If your portfolio needs some growth and income, what better way to get it than by adding some mouse power? Walt Disney (NYSE:DIS) is a company that is extremely well known, but the company should provide strong returns for investors over the next several years. Though the stock is up roughly 40% in the last 12 months, this should be just the start of a multi-year growth cycle for the company.
Well known and under appreciated
The first reason to mouse power your portfolio is while Disney's Parks & Resorts business is probably the company's most well-known business, it might also be the most under appreciated. In fact, you could argue that one of Disney's greatest strengths is the company's reliance on this business.
In the current quarter, Disney generated 32% of its revenue from Parks & Resorts. By comparison, Comcast got just 4% of its revenue from parks, and Time Warner's Warner Bros. Movie World is but a footnote in the company's business.
The reason this distinction is so important is, Disney's parks business grew revenue by 8% on a year-over-year basis. The company has reported for the last several quarters that the parks business grew because of increased guest attendance and spending. Comcast also reported strength in its parks business, and the recovery in the economy should continue to drive positive results in the near term.
A lineup few can match
The second reason to choose Disney is the company's studio division. Though Disney's Studio Entertainment business represented only 13% of the company's revenue stream, a strong movie lineup also benefits the company's Consumer Products business as well.
If you are looking for a strong movie release schedule, investors need to look away from Comcast at least in 2014. Arguably the company's strongest release this year could be Dumb and Dumber To. However, given that NBCUniversal had the benefit of Despicable Me 2 last year, comparisons will be difficult.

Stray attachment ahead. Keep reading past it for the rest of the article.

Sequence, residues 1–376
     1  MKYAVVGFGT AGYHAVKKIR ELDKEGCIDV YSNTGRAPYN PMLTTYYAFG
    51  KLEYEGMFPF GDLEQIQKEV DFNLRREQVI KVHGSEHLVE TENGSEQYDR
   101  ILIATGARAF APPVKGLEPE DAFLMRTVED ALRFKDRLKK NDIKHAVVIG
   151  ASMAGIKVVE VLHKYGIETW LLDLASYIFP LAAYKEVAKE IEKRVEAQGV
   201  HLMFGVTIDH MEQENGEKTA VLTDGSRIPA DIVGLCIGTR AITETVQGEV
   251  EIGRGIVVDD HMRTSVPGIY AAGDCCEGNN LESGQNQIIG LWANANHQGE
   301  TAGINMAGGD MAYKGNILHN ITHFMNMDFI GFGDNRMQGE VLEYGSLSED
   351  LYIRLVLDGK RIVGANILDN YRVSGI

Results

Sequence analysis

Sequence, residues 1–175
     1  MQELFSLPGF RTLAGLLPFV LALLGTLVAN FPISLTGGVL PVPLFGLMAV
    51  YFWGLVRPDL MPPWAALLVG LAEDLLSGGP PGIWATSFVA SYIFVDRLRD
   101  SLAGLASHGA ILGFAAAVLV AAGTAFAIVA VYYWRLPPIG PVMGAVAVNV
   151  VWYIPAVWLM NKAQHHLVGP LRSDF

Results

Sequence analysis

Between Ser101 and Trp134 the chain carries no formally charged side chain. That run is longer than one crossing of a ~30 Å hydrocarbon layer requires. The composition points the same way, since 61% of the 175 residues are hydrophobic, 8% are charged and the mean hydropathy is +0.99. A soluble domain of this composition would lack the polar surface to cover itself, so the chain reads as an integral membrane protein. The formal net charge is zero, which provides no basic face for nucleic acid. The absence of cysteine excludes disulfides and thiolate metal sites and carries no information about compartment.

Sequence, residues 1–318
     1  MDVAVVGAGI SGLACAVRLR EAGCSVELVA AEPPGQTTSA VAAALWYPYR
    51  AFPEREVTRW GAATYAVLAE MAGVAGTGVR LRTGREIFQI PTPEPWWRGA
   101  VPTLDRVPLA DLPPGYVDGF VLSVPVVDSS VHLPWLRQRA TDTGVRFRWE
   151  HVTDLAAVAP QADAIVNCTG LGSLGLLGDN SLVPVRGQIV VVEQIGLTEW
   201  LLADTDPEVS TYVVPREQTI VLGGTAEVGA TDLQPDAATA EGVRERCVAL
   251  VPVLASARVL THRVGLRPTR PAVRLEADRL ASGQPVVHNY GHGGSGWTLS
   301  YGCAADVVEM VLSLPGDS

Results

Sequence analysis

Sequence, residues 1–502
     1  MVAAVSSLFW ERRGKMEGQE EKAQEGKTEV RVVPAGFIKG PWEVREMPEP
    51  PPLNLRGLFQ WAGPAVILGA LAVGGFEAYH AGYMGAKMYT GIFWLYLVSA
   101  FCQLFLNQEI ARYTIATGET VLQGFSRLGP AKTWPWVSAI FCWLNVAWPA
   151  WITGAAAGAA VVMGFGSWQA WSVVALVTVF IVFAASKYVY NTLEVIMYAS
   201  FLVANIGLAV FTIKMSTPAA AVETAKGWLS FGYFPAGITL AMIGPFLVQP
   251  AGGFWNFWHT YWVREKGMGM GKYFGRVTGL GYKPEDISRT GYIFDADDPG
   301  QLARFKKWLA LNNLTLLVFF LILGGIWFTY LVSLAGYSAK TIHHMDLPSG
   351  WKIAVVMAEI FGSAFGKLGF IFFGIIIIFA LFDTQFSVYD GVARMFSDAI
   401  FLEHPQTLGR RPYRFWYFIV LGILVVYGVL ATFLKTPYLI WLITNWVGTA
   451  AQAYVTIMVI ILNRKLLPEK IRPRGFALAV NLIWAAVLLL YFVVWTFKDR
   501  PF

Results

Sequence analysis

Time Warner's Warner Bros. division has three very strong movies coming out in Godzilla, 300: Rise of an Empire, and The Hobbit: There and Back Again. However, with tough comparisons to The Hobbit: The Desolation of Smaug, Man of Steel, The Hangover III, and others, huge growth from Time Warner would be a surprise.
Disney, on the other hand, has huge releases coming out in 2014 that should provide growth. Between Disney and Marvel, movies like National Treasure 3, Muppets: Most Wanted, Planes: Fire & Rescue, Captain America: Winter Soldier, and Guardians of the Galaxy, are all due out in 2014. Since currently 13% of Disney's revenue is from Studio Entertainment and nearly 9% more comes from Consumer Products, these strong movies should drive not only good film results, but also strong sales from products connected to these films.
This is no surprise
Given the strength of the company's Parks & Resorts, Studio Entertainment, and Consumer Products, it should come as no surprise that Disney also sports strong free cash flow. Disney's strong free cash flow is the third reason to choose the stock. Among its peers, only Comcast generated more core free cash flow (net income + depreciation-capital expenditures) in the last nine months than its peers.
In the last nine months, Comcast generated over $6 billion in core free cash flow, while it took Disney 12 months to achieve this same result. By comparison, Time Warner generated just over $3 billion in the last nine months.
While Disney generates a yield of just over 1%, the company's free cash flow payout is just under 22%. It's true that Comcast and Time Warner pay higher yields and have similar payout ratios, but Disney's brand catalog seems more impressive.
With businesses like Pixar, Lucas Films, Marvel, and Disney all under the same roof, it's difficult for any competitor to match the reach and breadth of Disney's businesses. Investors looking for strong returns should follow the power of the mouse.
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Chad Henage owns shares of Comcast. The Motley Fool recommends Walt Disney. The Motley Fool owns shares of Walt Disney. Try any of our Foolish newsletter services free for 30 days. We Fools may not all hold the same opinions, but we all believe that considering a diverse range of insights makes us better investors. The Motley Fool has a disclosure policy.